is appropriate for its needs. At a June 13 hearing of the House Science
Committee's Space and Aeronautics Subcommittee, Chairman Ken Calvert
(R-CA) inquired, "Does NASA have the right strategy and policies
to retain and build the workforce it will need?"
"When you refocus work, when you redirect programs, you will have
a certain skill set that you don't need any longer, and NASA does have
that issue," Toni Dawsey, NASA's Assistant Administrator for Human
Capital Management, testified. She added that the agency is exploring
ways to retrain parts of its workforce, including rotational experiences,
on the job training plans, mentoring and coaching programs.
NASA released a workforce strategy plan in April which is currently
being reviewed by a National Research Council (NRC) committee. According
to the NRC committee co-chair David Black, "Our committee's initial
reaction to NASA's work done so far is that it is incomplete and reflects
a top down view of what skill mixes are needed." Non-NASA witnesses
urged the agency to maintain robust research programs in space and Earth
science and aeronautics, saying that project delays and cancellations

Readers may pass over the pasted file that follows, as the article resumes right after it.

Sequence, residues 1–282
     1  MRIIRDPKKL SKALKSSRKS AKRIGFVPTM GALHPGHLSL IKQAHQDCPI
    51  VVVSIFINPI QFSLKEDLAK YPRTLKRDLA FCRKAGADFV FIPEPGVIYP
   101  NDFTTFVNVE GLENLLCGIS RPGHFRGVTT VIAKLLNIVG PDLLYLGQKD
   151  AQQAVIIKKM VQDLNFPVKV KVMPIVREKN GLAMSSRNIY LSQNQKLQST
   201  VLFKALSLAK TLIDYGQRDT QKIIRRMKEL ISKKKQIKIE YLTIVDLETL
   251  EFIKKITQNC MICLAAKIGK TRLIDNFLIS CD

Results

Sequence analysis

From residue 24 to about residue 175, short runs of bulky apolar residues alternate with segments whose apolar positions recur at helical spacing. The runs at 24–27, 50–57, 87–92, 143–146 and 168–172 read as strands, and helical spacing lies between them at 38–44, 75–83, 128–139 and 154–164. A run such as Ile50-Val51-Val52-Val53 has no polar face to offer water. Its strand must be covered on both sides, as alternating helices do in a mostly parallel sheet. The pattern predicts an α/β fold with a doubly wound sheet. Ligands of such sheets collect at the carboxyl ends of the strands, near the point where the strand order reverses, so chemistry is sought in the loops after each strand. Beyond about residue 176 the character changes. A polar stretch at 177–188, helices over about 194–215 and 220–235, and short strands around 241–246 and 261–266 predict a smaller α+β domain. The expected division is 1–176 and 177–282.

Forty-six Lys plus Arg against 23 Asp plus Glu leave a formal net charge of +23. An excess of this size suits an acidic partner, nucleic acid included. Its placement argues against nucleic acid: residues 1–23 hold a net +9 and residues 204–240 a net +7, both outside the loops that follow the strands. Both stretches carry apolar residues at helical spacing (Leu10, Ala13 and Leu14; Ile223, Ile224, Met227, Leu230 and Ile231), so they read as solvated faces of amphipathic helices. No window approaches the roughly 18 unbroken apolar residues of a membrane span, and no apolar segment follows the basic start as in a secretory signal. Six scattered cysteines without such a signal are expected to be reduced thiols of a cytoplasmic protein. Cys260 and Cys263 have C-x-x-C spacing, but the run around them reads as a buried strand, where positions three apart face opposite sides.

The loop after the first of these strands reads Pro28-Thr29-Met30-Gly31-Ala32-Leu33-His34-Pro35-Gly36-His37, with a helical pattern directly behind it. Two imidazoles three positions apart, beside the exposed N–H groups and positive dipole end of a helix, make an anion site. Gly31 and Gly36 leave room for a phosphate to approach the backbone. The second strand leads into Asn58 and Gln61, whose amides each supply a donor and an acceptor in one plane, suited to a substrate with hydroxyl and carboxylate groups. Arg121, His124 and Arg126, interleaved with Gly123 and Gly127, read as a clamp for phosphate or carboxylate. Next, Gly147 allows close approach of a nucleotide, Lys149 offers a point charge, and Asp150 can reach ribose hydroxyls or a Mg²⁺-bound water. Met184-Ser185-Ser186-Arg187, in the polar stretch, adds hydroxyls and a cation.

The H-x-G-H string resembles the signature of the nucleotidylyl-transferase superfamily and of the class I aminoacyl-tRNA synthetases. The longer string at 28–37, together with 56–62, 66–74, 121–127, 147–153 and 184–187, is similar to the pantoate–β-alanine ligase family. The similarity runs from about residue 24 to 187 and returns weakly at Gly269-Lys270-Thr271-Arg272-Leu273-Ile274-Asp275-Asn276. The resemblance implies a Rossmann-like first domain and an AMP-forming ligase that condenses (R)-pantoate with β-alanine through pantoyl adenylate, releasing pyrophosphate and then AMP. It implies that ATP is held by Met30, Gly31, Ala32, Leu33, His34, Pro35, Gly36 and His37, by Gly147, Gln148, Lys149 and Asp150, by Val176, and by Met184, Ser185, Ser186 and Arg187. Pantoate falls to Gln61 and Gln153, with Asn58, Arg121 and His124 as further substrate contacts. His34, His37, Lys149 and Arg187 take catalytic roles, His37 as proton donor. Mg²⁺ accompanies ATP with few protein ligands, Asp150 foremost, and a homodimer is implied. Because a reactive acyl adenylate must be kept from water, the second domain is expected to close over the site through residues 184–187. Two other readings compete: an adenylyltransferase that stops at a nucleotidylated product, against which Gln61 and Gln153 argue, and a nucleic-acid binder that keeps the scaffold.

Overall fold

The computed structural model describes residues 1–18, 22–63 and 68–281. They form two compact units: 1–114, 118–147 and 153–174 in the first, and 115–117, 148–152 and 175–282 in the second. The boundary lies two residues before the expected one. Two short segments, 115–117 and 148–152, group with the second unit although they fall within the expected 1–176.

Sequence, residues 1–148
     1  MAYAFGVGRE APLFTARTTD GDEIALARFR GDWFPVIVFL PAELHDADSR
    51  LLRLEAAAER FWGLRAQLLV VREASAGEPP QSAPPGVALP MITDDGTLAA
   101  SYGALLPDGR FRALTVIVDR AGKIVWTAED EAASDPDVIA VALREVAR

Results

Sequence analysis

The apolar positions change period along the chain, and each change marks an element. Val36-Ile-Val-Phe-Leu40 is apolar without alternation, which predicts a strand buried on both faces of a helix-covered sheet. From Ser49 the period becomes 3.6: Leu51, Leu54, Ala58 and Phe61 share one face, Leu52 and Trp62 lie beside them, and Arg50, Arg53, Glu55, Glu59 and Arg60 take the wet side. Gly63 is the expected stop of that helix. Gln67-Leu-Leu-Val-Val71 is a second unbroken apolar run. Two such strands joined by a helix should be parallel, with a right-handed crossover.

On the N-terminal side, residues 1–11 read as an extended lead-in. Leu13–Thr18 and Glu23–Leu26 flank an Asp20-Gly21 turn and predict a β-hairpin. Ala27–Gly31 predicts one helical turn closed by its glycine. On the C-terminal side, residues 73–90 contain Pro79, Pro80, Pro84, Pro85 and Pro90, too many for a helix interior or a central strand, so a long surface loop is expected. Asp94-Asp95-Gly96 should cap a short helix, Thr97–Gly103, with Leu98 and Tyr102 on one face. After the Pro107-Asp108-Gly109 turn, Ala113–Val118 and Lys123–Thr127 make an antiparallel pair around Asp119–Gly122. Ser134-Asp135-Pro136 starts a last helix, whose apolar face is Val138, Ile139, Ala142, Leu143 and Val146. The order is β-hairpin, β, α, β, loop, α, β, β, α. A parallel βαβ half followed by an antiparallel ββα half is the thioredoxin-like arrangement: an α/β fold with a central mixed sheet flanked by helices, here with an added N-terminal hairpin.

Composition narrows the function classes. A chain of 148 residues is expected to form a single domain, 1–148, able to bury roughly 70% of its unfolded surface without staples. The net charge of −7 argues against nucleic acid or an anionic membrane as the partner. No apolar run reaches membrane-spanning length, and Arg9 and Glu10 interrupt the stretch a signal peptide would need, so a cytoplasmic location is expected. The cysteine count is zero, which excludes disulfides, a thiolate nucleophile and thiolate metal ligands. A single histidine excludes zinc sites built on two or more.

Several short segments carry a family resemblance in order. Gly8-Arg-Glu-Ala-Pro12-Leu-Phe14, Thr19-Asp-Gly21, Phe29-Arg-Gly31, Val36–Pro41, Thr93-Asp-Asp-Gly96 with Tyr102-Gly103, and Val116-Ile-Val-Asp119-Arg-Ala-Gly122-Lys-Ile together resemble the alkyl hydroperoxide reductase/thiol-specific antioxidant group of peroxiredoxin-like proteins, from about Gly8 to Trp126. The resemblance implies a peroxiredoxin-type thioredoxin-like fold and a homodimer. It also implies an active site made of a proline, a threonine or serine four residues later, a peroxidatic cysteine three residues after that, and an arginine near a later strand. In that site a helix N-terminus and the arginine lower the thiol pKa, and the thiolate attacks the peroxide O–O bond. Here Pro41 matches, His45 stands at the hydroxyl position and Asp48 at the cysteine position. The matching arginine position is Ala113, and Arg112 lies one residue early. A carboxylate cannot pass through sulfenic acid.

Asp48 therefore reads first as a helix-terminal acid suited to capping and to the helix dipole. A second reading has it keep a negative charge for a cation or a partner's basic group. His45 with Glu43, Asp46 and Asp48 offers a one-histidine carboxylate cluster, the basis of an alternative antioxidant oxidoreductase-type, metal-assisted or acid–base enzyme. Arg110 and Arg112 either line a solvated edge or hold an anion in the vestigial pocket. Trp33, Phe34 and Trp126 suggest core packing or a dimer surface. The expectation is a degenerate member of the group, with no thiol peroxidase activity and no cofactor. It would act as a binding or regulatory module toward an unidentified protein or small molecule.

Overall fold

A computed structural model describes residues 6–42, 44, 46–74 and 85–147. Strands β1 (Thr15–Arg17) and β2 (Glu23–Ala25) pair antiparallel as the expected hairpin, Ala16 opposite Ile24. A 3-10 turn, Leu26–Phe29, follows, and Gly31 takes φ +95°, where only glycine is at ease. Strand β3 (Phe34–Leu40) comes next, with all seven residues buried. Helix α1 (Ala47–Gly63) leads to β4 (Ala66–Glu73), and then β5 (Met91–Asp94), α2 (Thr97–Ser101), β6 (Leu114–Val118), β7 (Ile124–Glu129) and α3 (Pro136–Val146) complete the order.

deterred young scientists and engineers from wanting to join the NASA
workforce. "NASA will need to make decisions regarding how it can
provide...a sense of hope and promise to potential future members of
the agency's workforce," Black said. "Twenty years ago...the
mere mention of NASA was an attractor. It had vocational pizzazz. That
is no longer the case." He noted that NASA's unstable commitment
to projects may already be leading university communities to steer students
toward other career paths.
Rep. Mike Honda (D-CA) argued that the excess workforce capacity NASA
currently has on hand is a direct result of not fully funding its ongoing
programs. "In other words," he said, the problem "is
not because the skills of those employees are no longer needed. Rather,
it appears to be the direct result of the administration's unwillingness
to propose a NASA budget level sufficient to fund the additional demands
imposed by the president's exploration initiative on NASA." Lee
Stone of NASA's Ames Research Center said he "would fundamentally
agree with [Honda's] assessment, that this is not a workforce crisis
but a budget crisis."